The End of Free College in England: Implications for Quality, Enrolments, and Equity
Despite increasing financial pressures on higher education systems throughout the world, many governments remain resolutely opposed to the introduction of tuition fees, and some countries and states where tuition fees have been long established are now reconsidering free higher education. This paper examines the consequences of charging tuition fees on university quality, enrolments, and equity. To do so, we study the English higher education system which has, in just two decades, moved from a free college system to one in which tuition fees are among the highest in the world. Our findings suggest that England’s shift has resulted in increased funding per head, rising enrolments, and a narrowing of the participation gap between advantaged and disadvantaged students. In contrast to other systems with high tuition fees, the English system is distinct in that its income-contingent loan system keeps university free at the point of entry, and provides students with comparatively generous assistance for living expenses. We conclude that tuition fees, at least in the English case supported their goals of increasing quality, quantity, and equity in higher education.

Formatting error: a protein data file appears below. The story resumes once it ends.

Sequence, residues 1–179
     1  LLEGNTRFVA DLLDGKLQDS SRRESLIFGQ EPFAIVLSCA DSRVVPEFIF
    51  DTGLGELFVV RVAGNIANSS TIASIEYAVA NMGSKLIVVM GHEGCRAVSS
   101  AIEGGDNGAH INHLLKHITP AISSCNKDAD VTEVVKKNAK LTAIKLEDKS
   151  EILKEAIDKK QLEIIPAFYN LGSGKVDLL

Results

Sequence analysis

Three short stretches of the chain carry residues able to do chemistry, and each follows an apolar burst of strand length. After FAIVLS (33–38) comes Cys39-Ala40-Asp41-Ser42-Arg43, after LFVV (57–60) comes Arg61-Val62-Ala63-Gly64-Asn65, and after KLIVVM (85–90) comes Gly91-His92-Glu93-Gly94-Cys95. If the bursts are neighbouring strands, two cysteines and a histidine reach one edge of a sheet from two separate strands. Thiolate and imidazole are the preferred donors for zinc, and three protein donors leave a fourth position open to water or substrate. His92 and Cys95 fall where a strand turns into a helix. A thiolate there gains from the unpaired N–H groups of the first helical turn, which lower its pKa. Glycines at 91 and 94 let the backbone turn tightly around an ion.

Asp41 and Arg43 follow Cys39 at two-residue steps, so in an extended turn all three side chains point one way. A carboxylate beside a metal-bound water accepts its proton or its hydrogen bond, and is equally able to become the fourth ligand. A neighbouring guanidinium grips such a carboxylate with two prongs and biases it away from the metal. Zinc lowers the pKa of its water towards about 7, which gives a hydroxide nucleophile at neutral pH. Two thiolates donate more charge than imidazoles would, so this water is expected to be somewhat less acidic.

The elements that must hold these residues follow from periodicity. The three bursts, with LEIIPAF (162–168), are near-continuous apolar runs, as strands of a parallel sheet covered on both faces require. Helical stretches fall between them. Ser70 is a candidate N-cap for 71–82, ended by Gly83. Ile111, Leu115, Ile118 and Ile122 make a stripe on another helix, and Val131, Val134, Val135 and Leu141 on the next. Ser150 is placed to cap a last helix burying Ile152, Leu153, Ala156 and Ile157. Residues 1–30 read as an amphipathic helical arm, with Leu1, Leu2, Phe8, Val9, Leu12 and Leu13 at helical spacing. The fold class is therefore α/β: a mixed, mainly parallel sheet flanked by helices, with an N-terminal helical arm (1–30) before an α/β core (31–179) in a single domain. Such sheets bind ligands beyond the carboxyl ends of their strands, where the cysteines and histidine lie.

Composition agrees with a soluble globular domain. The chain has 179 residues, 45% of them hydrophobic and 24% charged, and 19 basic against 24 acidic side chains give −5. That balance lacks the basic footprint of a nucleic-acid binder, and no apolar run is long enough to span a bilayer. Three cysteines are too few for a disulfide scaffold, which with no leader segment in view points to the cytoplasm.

We thank Nicholas Barr, Bruce Chapman, Vincent Carpentier and Lorraine Dearden for their comments and suggestions. We also thank participants of the 2017 Higher Education, Funding & Access Seminar at the University of Edinburgh, and participants of the 2016 Northwestern University economics workshop for comments and suggestions. The views expressed herein are those of the authors and do not necessarily reflect the views of the National Bureau of Economic Research.
Richard Murphy & Judith Scott-Clayton & Gill Wyness, 2018. "The end of free college in England: Implications for enrolments, equity, and quality," Economics of Education Review, .